UPDATEDToday’s Spiritual Food for Thought was first posted on August 19, 2013.
Spiritual Food for Thought for the Weekend
On a Sabbath, while he was going through the grainfields, his disciples plucked and ate some heads of grain, rubbing them in their hands. 2 But some of the Pharisees said, “Why are you doing what is not lawful to do on the Sabbath?” 3 And Jesus answered them, “Have you not read what David did when he was hungry, he and those who were with him: 4 how he entered the house of God and took and ate the bread of the Presence, which is not lawful for any but the priests to eat, and also gave it to those with him?” 5 And he said to them, “The Son of Man is lord of the Sabbath.” 6 On another Sabbath, he entered the synagogue and was teaching, and a man was there whose right hand was withered. 7 And the scribes and the Pharisees watched him, to see whether he would heal on the Sabbath, so that they might find a reason to accuse him. 8 But he knew their thoughts, and he said to the man with the withered hand, “Come and stand here.” And he rose and stood there. 9 And Jesus said to them, “I ask you, is it lawful on the Sabbath to do good or to do harm, to save life or to destroy it?” 10 And after looking around at them all he said to him, “Stretch out your hand.” And he did so, and his hand was restored. 11 But they were filled with fury and discussed with one another what they might do to Jesus.
Jesus is the “Lord of the Sabbath” (v. 5). Sabbath means “rest,” which implies that God gave the Sabbatical law so that His people could experience the true rest that could only come from God.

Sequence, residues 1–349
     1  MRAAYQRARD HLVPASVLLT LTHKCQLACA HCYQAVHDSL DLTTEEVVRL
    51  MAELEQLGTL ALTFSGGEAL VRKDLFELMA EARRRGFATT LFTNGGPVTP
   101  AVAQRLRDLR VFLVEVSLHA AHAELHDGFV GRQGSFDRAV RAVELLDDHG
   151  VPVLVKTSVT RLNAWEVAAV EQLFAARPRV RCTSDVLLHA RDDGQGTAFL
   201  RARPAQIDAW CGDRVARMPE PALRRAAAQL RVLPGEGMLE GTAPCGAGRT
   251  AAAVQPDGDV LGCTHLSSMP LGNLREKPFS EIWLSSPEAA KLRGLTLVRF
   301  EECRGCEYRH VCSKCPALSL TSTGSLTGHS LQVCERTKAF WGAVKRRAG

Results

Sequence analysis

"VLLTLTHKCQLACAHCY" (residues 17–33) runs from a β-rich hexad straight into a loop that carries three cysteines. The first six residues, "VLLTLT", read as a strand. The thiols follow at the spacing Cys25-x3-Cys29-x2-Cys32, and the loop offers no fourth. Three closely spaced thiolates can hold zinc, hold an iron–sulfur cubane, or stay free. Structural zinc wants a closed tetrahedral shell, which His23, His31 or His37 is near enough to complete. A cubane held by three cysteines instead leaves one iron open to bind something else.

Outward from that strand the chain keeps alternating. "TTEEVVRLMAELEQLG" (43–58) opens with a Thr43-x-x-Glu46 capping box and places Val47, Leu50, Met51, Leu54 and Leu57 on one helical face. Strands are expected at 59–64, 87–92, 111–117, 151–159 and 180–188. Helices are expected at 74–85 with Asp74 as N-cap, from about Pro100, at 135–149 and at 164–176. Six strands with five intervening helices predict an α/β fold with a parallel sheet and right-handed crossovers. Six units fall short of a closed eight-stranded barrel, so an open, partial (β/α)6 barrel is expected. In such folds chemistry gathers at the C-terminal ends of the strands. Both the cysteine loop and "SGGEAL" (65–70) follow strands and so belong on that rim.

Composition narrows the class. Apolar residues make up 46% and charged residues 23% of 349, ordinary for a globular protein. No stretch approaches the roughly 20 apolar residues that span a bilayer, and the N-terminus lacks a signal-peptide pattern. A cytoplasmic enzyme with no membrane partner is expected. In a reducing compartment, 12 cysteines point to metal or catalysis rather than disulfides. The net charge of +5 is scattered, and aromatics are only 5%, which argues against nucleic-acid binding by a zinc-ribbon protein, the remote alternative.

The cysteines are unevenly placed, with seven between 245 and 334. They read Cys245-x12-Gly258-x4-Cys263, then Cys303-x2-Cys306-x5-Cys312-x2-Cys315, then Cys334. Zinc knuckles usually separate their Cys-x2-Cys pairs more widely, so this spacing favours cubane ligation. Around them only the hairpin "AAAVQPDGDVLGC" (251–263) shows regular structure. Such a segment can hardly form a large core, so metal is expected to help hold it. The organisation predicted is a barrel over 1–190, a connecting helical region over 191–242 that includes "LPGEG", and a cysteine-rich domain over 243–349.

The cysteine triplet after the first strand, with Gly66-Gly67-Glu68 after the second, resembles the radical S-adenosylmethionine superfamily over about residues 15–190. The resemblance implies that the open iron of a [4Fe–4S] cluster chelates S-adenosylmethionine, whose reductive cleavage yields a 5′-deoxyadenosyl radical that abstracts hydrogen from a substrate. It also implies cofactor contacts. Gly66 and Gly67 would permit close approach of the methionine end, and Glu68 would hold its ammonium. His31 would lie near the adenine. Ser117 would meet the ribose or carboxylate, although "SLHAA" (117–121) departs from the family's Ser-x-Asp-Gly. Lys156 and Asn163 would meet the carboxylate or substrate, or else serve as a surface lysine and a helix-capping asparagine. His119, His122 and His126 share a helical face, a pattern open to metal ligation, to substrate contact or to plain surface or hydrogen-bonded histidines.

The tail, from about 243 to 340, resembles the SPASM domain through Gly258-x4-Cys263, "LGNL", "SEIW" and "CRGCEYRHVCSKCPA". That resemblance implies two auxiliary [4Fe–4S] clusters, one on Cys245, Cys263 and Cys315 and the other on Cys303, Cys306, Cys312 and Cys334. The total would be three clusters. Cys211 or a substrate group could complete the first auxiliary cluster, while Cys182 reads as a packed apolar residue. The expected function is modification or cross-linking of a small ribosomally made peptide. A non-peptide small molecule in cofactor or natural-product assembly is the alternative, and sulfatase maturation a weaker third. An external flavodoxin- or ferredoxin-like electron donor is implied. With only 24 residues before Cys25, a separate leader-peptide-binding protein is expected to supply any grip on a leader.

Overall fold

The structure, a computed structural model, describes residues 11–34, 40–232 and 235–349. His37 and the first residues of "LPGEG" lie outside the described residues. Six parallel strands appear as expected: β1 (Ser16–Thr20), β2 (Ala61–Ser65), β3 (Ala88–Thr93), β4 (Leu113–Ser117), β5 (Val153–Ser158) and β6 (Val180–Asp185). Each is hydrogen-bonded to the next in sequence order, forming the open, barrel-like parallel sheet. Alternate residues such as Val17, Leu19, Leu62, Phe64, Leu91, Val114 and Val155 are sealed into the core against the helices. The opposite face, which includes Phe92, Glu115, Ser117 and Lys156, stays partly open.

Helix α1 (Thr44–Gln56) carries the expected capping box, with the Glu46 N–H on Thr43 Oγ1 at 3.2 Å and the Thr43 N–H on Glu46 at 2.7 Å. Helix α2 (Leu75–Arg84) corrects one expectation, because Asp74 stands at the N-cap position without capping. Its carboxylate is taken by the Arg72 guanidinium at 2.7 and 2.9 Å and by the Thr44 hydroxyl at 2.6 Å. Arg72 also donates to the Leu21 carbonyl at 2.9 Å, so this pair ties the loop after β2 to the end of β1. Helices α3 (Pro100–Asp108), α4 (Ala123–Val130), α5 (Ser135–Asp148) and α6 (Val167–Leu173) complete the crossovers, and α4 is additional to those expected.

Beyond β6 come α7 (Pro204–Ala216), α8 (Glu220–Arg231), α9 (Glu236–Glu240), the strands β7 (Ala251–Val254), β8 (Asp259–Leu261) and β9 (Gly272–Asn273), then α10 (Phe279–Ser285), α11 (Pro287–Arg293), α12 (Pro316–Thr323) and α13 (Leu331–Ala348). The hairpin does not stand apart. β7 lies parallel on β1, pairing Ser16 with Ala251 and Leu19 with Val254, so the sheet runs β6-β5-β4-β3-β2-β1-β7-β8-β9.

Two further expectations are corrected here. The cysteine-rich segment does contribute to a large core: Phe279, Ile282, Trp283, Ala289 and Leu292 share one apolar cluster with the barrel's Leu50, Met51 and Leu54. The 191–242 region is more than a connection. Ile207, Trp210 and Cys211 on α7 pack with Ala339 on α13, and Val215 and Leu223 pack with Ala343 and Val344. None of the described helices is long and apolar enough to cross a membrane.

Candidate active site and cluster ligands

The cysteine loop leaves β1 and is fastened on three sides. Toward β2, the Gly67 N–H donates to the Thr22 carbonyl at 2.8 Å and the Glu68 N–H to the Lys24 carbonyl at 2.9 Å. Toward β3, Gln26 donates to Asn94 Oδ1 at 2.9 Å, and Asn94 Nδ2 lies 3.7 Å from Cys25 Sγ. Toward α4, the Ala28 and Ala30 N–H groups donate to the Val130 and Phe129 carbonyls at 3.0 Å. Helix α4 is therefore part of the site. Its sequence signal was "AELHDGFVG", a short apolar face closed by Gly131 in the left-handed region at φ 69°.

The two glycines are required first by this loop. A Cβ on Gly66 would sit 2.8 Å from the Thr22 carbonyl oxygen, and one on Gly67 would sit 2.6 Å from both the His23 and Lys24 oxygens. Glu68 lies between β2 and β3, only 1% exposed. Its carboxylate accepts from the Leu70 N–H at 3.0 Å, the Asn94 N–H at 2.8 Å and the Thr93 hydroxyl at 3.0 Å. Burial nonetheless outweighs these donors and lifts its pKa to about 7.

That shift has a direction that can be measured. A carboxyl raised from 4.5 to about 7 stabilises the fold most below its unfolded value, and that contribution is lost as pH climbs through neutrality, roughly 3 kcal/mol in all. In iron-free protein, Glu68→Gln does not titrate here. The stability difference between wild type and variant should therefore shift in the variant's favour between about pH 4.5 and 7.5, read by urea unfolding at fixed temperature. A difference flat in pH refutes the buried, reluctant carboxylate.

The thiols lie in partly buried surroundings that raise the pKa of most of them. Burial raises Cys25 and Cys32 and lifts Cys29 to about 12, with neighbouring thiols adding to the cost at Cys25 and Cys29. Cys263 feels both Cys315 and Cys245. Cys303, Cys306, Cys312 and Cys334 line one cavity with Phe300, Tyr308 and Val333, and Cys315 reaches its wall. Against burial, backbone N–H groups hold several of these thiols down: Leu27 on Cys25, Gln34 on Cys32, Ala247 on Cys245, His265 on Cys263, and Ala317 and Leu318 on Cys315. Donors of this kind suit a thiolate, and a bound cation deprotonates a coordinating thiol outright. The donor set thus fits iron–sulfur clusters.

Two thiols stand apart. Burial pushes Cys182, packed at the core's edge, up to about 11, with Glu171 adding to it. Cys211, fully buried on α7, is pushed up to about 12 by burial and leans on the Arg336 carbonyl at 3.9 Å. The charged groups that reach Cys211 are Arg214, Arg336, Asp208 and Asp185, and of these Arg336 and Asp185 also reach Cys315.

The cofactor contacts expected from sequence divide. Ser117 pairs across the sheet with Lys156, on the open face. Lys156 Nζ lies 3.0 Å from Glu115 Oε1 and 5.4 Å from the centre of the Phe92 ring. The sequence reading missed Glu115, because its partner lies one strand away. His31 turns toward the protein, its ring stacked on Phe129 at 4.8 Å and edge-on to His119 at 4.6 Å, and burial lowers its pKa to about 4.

After Adam broke the covenant, life on this earth was cursed and “painful toil” was necessary in order to live and have our needs met (Gen. 3:17). However, Jesus came and invited people to enter into His rest: “Come to me, all you who are weary and burdened, and I will give you rest” (Matt. 11:28). Since Jesus is the “Lord of the Sabbath,” apart from him, there is no true rest; He is the only One who can give us the rest that we need. Just thinking about today’s schedule can be overwhelming to some of us. We need to pray that despite such busy schedules we can still find rest in Him.
Furthermore, rest means that we do not have to do anything; however, someone needs to work so that we can respite. It is God who works in Christ to provide something “good” for us – that is, His saving grace and healing, according to today’s passage.
We are able to experience true rest because God provides us manna on Friday (i.e., crucifixion) that would not go stale when the new Sabbath comes (i.e., Sunday when Jesus arose from the dead). David’s action foreshadowed what Jesus Christ, the Son of David, would come to do. David was not a priest, yet “he entered the house of God, and taking the consecrated bread, he ate what is lawful only for priests to eat. And he also gave some to his companions” (v. 4). Jesus the Son of David is the Great High Priest who does not follow the line of the Levitical priesthood.
We, as His disciples, are invited as “companions” to enter, not just the Holy Place, but the Most Holy Place where we are able to encounter the Lord of the Sabbath. And in that place, we are nourished and our souls are refreshed. Based on today’s passage, what should you be seeking during the Sunday worship, as you desire to enter into God’s rest?
Prayer: Heavenly Father, thank You for the true rest You have provided for us in your Son Christ. Thank You that Your Son did all the “heavy lifting” in order that we may obtain peace with God (Rom. 5:1) through His atoning sacrifice. Amen.
Bible Reading for Today: Matthew 6-7